Don’t Make Me Say It Twice: About Recurring Dreams
When I was 9 years old, I had a dream something was after me. I was in an old house and the wind was howling outside so strongly the house shook. I didn’t know what I was running from but as I turned a corner into a screen door leading outside, I saw it right in front of my face: a lion. A huge lion, taller than me, inches from my face, separated only by a flimsy screen, staring down at me. I felt his breath hit me and with it a burning rush of adrenaline surging through my body. To this day, I remember how much that adrenaline burned my muscles. The only other in my life I have felt such a physical response of fear was when I was awake—when my house was being broken into one night at age 20 while I was at home and lived alone.
Over the course of the next fifteen years or so, I continued to dream about lions. They would chase me up trees, corner me in my bedroom, jump right on me and go for my throat. I would never be able to get more than one step ahead of these lions. If there was a door to protect me, it would be a weak or broken door. If the lion was on a chain, it could reach just far enough to gut me with its claws. If I held him back with my bare arms, my arms would be just short enough that the lion’s huge teeth could still reach my face. I would always wake up stressed and tired the next morning.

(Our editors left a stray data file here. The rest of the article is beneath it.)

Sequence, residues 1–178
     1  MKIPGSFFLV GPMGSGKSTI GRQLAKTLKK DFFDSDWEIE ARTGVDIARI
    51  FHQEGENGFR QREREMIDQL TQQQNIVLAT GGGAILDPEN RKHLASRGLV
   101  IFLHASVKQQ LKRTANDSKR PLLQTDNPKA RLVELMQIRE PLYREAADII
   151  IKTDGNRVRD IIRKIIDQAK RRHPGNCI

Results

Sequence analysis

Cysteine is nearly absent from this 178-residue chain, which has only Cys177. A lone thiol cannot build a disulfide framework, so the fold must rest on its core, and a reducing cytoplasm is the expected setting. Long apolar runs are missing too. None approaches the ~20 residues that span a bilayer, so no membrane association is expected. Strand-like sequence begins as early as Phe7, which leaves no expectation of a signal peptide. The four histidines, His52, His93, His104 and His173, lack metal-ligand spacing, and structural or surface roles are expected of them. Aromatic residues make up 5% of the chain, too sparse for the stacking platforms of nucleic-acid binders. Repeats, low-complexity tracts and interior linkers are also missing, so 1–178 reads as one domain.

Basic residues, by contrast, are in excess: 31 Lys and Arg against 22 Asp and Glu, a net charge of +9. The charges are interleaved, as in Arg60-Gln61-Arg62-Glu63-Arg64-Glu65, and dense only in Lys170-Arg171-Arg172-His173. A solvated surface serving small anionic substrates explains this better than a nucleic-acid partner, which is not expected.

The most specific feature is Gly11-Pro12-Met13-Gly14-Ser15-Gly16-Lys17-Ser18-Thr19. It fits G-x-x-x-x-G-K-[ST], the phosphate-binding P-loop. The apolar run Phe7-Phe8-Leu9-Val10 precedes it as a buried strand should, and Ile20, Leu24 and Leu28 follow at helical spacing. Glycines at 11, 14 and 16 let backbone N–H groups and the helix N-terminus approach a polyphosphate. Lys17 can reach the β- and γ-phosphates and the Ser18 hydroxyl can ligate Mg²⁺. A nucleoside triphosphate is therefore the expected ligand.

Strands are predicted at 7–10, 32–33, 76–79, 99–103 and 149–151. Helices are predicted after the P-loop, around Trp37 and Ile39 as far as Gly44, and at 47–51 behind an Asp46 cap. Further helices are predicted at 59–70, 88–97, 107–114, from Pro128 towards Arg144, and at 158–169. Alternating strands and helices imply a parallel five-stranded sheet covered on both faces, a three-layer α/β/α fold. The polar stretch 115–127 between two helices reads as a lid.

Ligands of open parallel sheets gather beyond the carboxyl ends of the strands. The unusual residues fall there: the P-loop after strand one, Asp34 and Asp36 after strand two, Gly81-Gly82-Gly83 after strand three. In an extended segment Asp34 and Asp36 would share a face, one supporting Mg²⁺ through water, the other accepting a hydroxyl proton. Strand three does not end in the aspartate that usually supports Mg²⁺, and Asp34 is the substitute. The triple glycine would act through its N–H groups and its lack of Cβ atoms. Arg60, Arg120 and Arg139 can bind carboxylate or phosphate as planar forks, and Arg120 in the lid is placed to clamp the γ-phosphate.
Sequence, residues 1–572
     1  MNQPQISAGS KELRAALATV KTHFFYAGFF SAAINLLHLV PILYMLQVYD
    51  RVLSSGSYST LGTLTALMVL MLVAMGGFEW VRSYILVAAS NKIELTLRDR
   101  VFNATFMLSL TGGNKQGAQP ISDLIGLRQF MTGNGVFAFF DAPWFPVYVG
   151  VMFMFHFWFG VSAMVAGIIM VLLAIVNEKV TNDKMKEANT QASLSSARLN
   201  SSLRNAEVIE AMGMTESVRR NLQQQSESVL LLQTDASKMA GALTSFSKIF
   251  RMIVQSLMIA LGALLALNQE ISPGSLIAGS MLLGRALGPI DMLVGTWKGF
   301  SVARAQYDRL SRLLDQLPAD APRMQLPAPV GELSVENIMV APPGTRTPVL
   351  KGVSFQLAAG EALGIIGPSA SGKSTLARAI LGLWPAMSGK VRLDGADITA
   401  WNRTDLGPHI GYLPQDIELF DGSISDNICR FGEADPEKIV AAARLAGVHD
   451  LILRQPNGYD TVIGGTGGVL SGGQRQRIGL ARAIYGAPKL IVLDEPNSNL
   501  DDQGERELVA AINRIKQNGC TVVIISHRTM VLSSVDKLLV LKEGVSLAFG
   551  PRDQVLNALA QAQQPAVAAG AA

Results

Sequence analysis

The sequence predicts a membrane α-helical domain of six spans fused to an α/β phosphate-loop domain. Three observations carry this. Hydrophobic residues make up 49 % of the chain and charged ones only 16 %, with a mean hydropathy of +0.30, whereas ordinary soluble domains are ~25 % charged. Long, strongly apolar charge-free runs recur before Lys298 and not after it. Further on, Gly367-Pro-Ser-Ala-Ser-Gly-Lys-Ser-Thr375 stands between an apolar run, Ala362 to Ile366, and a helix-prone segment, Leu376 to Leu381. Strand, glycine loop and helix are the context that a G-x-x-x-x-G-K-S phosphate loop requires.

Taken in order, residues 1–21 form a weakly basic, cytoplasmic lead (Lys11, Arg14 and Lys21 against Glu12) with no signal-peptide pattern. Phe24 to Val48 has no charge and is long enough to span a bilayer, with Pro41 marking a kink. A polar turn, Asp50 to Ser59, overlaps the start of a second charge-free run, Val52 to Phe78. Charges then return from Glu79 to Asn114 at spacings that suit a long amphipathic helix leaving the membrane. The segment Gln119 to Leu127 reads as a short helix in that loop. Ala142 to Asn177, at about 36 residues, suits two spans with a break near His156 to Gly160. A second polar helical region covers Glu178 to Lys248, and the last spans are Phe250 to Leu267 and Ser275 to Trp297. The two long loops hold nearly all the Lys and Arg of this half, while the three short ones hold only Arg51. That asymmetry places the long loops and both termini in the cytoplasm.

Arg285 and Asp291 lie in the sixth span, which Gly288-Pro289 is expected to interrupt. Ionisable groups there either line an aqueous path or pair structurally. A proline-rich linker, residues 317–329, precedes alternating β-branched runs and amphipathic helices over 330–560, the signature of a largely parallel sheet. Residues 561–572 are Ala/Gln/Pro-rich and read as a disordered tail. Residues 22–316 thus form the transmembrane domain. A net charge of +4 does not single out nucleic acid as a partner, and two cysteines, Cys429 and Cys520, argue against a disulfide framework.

Then something changed. A lion was once again after me, but this time, it couldn’t get past the zipper of the tent I was hiding in. In another dream, I was terrified as I was clawed by lions, but then confused to realize the lions were merely cute kittens. In yet another dream, I was easily able to jump on the lion’s back and control him as if he were a horse. I was able to hold a lion back with one arm, looking around incredulously at my own strength. Not only did my own strength grow, my attitude towards the lions changed too—they went from being a threat to being something possibly even beautiful in their strength.
As I look back now, I realize the dreams changed predictably along with my own emotional health. The strength of the lions in my dreams was inversely correlated with my own self confidence. The fears I had growing up were powerful—I was debilitatingly shy to the point it ruined everything that should have been enjoyable to me. As I learned more about my own strengths and what made me unique as a person, and learned how to communicate and love others while retaining my sense of self, I slowly realized that the vague fears I had in life, represented in my sleep as lions, turned out to be not so scary after all.
This lesson was so important, my brain used the same images in my dreams for twenty years while I processed it. If your mind thinks something is worth saying twice in your dreams, it’s probably worth listening to.